I blended themes you would expect from my genre of music, with aspects you wouldn't expect.
I am mostly referring to my print work, where I illustrate a very young child holding a weapon and appearing violent and dangerous.
Weapons and violence are typical of my chosen song's genre, yet when they are juxtaposed with a stereotypically "innocent" child, the original meaning is flipped and the audience is left confused, but most importantly - interested.
Because of this I could say my media products challenge "real media products".
The way I portray a child holding weapons in my poster and digipak could be seen as politically incorrect; and as I found out myself, even within my college it was frowned upon.
I didn't do enough research into the subject, and it effected the grade I got for my print work.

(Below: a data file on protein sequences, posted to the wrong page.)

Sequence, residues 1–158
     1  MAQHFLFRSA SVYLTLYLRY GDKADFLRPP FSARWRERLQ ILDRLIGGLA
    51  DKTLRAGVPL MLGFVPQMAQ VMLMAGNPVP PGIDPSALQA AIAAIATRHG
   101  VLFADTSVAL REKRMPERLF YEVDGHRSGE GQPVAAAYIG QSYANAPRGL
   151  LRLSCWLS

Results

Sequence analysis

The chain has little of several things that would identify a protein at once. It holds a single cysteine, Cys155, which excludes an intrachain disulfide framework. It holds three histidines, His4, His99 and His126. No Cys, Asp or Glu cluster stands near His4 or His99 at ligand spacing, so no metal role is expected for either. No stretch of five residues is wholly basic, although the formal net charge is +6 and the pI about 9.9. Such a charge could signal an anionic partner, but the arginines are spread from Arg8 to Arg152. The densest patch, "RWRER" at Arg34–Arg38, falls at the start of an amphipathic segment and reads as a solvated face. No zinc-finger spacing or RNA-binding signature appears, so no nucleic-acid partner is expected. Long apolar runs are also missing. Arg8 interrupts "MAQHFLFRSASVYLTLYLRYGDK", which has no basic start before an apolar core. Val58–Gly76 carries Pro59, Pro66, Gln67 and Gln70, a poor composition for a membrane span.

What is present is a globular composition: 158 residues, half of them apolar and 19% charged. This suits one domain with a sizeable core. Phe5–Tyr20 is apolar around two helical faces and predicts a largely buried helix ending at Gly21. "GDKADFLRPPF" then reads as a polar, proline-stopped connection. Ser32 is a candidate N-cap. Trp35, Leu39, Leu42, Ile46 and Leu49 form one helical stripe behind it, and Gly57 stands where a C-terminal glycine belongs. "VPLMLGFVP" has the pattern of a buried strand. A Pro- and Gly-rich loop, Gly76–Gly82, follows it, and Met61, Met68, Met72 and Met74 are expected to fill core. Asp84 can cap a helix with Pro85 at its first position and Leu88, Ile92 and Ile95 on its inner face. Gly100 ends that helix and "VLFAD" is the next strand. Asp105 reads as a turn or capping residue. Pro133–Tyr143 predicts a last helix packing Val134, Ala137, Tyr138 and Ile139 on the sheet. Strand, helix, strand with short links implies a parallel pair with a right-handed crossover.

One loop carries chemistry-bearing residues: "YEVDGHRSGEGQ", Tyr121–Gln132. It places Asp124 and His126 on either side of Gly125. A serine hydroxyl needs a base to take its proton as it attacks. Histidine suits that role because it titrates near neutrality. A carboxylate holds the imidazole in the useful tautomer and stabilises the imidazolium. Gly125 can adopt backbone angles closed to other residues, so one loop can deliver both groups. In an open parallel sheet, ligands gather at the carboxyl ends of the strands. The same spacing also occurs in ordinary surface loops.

This itself is interesting, because it proves how society are expectant as well as unprepared for certain imagery and when something they don't expect is shown, they feel it is unnecessary or problematic.

In relation, it can be problematic if forms and conventions are too closely followed, as opposed to challenged or developed.
If "genre" was always followed without an original creative input or "auteur" style, media products would be constantly predictable and would become unpopular because "the target audience" would get bored of seeing and hearing the same thing over and over again without any alterations.

In addition, previously on my blog I showed how I was going to act as the killer wearing the mask, but because of the clothes I was wearing, I was inappropriate for the task.